Sectoral trends in National Income of India

Sectoral trends in National Income of India

In 1950-51, the share of the primary sec­tor in GDP was as high as 55.8%, while that of the secondary sector was only 15.2%. There has been a steady decline in the share of primary sector since then. It fell to 26% in 2000-01. On the other hand, over the entire plan period, as the industrial sector expanded, its contribution to GDP had been in­creasing and it rose to 22% in 2000-01.

Along with the growth of the secondary sector, the terti­ary sector has also registered a higher growth dur­ing the last 50 years of planning. In 2000-01 its contribution was 52%.

The share of the tertiary sector (com­prising mainly the service sector) improved much, from 29% in 1950-51 to 52% in 2000-01. -The increase in contribution has been shared equally by the sub-sectors like transport, communication, trade, finance and real estate, community and per­sonal services.

The changing structure of national income, therefore, indicates industrialisation, though at a slow pace. Furthermore, one also notices struc­tural changes within the industrial sector. During the plan period, India’s industrial structure tilted heavily in favour of capital goods industries.

This, of course, is a sign of industrialisation. But since then, industrial structure has become heavily bi­ased in favour of consumer goods industries. It is the organised manufacturing and mining indus­tries that have fared well as compared with unor­ganised small enterprises. Yet, unregistered small and tiny sectors occupy a dominant position in the Indian economy as necessary supports to these industries are given by the Government.

The tertiary sector is not a homogeneous cat­egory. It indicates trade, transport and communi­cations, banking and insurance, real estate and dwellings, public administration, community and personal services. The combined share of these heterogeneous activities rose from 29% in 1950- 51 at 1993-94 prices to 52% in 2000-01. As a re­sult of a better growth recorded in the tertiary sec­tor one sees a significant change—a “change from a subsistence to a market-oriented economy”.

This is an indication of modernisation of the economy. Modernisation is marked by the increasing use of industrial inputs (like chemicals, machinery, elec­trical and transport equipment) for agricultural sector, particularly after the Green Revolution in agriculture in the late 1960s. Thus, it is clear that all the sectors in an economy do not grow uni­formly; some grow at a higher rate than others.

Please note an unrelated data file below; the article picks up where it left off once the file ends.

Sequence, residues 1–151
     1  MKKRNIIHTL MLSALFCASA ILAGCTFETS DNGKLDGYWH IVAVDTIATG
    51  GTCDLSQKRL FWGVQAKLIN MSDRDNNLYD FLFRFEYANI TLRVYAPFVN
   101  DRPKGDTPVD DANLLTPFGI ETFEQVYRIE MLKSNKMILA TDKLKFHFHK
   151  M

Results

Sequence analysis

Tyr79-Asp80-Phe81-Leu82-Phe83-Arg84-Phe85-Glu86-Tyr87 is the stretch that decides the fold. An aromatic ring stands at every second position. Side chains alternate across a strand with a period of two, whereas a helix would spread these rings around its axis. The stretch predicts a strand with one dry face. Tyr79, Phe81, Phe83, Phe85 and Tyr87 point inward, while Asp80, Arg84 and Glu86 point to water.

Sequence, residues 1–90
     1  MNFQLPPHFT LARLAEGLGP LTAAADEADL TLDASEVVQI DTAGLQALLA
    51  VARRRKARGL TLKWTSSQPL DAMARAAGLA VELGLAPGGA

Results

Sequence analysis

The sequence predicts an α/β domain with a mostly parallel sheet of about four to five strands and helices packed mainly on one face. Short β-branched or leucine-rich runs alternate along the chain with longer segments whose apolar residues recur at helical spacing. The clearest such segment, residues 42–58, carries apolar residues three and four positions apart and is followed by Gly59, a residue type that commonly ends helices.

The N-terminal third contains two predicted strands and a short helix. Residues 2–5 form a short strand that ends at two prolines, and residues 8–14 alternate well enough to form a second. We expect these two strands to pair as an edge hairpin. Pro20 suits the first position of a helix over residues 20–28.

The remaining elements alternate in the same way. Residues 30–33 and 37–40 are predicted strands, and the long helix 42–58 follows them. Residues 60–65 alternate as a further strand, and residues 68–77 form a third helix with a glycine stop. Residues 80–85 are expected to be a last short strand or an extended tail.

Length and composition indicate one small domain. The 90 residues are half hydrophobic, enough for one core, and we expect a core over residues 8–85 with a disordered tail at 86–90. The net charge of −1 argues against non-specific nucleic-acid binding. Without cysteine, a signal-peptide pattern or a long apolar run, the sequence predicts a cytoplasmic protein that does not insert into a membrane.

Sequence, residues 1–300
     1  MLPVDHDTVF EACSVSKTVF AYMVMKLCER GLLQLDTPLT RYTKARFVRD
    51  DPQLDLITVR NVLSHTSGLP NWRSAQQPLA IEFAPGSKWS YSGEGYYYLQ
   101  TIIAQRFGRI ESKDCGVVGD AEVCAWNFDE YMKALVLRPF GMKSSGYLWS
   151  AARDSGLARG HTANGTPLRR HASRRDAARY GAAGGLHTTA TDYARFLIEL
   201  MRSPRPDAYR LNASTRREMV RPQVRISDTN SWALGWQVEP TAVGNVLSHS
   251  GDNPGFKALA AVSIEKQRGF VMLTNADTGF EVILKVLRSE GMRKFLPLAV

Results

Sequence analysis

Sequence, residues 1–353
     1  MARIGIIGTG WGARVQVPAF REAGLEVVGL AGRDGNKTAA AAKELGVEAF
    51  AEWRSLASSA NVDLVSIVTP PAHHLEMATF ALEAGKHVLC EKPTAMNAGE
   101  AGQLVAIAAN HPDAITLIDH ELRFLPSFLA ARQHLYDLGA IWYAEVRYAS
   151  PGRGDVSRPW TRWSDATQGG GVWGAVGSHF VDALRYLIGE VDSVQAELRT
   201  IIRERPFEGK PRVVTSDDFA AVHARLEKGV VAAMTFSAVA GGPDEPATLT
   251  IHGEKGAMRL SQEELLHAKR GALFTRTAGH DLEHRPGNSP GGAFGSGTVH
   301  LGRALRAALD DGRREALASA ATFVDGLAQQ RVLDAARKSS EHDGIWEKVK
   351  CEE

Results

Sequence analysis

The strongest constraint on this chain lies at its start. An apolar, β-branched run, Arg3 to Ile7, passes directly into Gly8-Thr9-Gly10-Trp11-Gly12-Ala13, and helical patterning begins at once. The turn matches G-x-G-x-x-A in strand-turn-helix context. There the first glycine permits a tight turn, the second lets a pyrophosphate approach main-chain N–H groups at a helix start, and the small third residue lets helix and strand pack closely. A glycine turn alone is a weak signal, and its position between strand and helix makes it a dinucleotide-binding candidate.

Another aspect of India’s national income growth is the contribution of the public sector in GDR. The contribution of the public sector in GDP rose from 10.7% in 1960-61 to 20.8% in 1981-82 and to 28.6% in 1993-94. But it fell to 22.1% in 1999-00 mainly due to privatisation of several pub­lic sector units.

Services sector is the largest sector of India. Gross Value Added (GVA) at current prices for Services sector is estimated at 92.26 lakh crore INR in 2018-19. Services sector accounts for 54.40% of total India’s GVA of 169.61 lakh crore Indian rupees. With GVA of Rs. 50.43 lakh crore, Industry sector contributes 29.73%. While, Agriculture and allied sector shares 15.87%.  At 2011-12 prices, composition of Agriculture & allied, Industry, and Services sector are 14.39%, 31.46%, and 54.15%, respectively.  Share of primary (comprising agriculture, forestry, fishing and mining & quarrying), secondary (comprising manufacturing, electricity, gas, water supply & other utility services, and construction) and tertiary (services) sectors have been estimated as 18.57 per cent, 27.03 per cent and 54.40 per cent.

Indian GDP composition in 2017 are as follows : Agriculture (15.4%), Industry (23%) and Services (61.5%). With production of agriculture activity of $375.61 billion, India is 2nd larger producer of agriculture product. India accounts for 7.39 percent of total global agricultural output. India is way behind china which has $991 bn GDP in agriculture sector. GDP of Industry sector is $560.97 billion and world rank is 6. In Services sector, India world rank is 8 and GDP is $1500 billion.

Contribution of Agriculture sector in Indian economy is much higher than world’s average (6.4%). Contribution of Industry and Services sector is lower than world’s average 30% for Industry sector and 63% for Services sector.  At previous methedology, composition of Agriculture & allied, Industry, and Services sector was 51.81%, 14.16%, and 33.25%, respectively at current prices in 1950-51. Share of Agriculture & allied sector has declined at 18.20% in 2013-14. Share of Services sector has improved to 57.03%. Share of Industry sector has also increased to 24.77%.

On the basis of these national income trends and structural changes, we can conclude that the Indian economy can no longer be described as a typical under-developed country. Definitely, some developments have taken place.

Nevertheless, black spots are there. Growth is still inadequate and much of its increase is eaten away by the grow­ing mouths, despite some favourable structural changes. It is hoped that by the turn of the cen­tury sectoral composition of India’s national in­come will move further in favour of secondary and tertiary sectors.

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